I’d like to ask a provocative question: have swimming pools become obsolete?
That might seem surprising coming from an aquatic professional who earns his living in the pool/spa/aquatics industry, and it’s a question I’ve never heard from any other professional, or consumer for that matter. Yet, I think it’s something worth considering as we look to the future of the aquatic experience and where we stand today.
Are pools, in reality, becoming obsolete? Are they a feature more of the past than the future? The answers are both more subtle and profound than one might initially suspect.
On the most literal level, we know that many pools, especially those that serve the general public, have old, worn-out equipment and doggy designs that have become dated and need replacing. Upgrading equipment or aesthetic elements can be quite expensive, and as a result, many resource-strapped facilities are forced to keep their old and inadequate systems operating for as long as possible.
But that’s only part of the answer to the question of obsolescence. There’s a broader context ahead of the inevitability of outdated facilities that is far more important. I’m talking about the social relevance and economic sustainability of pools as it applies to commercial and public facilities, but also in the residential market, as well.
Every year, there’s a familiar litany of troublesome narratives that accompany the swimming season. The media is full of reports about infectious contamination in pool and spa water and how consumers should be wary of possible diseases they and their children could contract from being in water that contains a host of infectious pathogens with horrible sounding names. We hear about traces of urine and feces in water, as well as respiratory and skin ailments that can go along with it.
As disturbing as those reports may be, they pale in comparison to the tragedy of child drowning and the hazards of being in or around the water. It’s the most difficult topic for the entire aquatics industry, a brutal challenge we all must do a better job addressing and solving.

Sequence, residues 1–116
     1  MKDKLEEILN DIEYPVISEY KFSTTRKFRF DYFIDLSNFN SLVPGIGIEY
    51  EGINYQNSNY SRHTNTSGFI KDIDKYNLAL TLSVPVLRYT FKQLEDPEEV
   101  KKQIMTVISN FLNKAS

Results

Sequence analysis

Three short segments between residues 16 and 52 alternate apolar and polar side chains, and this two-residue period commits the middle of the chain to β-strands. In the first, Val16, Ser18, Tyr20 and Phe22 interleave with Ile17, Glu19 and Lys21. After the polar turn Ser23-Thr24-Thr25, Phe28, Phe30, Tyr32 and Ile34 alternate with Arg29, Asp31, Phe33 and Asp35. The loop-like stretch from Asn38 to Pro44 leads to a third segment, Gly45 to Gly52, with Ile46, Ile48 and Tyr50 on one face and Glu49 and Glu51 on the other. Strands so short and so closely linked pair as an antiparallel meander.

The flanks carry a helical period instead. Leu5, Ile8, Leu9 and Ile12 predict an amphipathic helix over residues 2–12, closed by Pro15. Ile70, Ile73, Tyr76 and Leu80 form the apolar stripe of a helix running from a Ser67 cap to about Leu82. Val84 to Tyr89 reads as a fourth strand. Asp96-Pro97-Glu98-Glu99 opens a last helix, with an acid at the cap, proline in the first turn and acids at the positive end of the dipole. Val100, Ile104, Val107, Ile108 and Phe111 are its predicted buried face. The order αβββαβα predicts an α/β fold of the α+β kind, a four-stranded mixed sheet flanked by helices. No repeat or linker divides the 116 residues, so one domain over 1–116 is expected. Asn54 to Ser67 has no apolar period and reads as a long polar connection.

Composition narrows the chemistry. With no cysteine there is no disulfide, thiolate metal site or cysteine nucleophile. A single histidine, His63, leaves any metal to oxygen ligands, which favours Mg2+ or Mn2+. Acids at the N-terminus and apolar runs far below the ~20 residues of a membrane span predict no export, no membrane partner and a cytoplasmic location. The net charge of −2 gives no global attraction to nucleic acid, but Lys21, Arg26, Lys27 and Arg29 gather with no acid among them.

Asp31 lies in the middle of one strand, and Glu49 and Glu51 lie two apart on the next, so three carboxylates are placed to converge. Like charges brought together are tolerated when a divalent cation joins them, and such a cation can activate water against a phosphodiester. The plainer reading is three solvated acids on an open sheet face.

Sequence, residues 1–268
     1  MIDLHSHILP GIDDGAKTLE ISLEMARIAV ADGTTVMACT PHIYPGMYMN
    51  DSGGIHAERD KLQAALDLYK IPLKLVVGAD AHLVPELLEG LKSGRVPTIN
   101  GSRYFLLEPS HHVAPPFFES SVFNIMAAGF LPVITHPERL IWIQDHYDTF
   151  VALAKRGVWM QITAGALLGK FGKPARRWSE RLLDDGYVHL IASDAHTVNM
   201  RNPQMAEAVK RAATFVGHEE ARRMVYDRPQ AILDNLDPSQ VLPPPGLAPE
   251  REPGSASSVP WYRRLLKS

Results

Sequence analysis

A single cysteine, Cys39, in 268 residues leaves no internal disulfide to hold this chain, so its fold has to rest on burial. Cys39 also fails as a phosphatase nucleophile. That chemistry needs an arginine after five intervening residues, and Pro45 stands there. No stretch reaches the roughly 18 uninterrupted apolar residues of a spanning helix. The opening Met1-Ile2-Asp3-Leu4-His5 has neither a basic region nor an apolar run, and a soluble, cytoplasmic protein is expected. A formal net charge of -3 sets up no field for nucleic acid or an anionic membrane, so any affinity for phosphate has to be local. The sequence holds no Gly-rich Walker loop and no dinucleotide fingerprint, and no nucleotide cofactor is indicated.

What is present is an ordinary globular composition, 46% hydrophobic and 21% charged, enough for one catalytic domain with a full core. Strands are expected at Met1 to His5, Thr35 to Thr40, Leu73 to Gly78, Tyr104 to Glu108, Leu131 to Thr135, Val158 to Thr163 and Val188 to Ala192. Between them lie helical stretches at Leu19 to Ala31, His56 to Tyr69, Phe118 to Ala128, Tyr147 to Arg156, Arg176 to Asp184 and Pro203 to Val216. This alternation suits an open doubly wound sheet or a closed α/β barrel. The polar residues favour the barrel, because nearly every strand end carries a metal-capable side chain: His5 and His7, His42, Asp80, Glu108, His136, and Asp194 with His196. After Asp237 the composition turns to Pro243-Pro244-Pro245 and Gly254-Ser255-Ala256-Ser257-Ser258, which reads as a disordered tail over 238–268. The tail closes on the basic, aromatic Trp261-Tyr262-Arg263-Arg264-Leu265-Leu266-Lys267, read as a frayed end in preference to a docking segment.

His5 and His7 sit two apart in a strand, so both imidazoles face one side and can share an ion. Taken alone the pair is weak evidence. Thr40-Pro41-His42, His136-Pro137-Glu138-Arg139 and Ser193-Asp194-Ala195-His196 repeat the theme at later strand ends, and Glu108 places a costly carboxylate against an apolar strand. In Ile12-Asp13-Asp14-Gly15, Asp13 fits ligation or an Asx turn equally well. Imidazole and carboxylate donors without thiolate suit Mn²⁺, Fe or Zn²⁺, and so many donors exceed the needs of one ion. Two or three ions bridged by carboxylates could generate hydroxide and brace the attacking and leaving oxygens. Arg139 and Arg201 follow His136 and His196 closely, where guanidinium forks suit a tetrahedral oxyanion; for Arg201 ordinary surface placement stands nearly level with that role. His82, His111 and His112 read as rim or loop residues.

Not surprisingly, each year there are more and more reports of public pools closing, almost always for lack of funding, and there are also the stories about consumers filling in their backyard pools. Now, I’m not a negative person by nature, but I do think it’s critical for our industry to look at these trends in order to identify and implement practical solutions.
So, do all of those negatives add up to the stark realization that pools have, indeed, become obsolete? I believe the answer is both yes and no.
Obviously, the state of the aquatics industry is not where it should be, and if we want to thrive as a viable part of the recreational economy, we have to up our game, which is the primary subject of these discussions. That’s why I’m so passionate about the advent of the water quality professional, which I see as one of the most important evolutionary steps we must take. In terms of technology, we can embrace a far more scientific and data-driven approach to maintaining healthy pools, and we should promote more systematic procedures for everything from initial design to how daily maintenance unfolds.
In many ways, our future will be defined by our ability to embrace a far more technically disciplined way of engineering and managing all aspects of water quality and the overall environment. That’s why we need to develop the professional category of the water quality manager.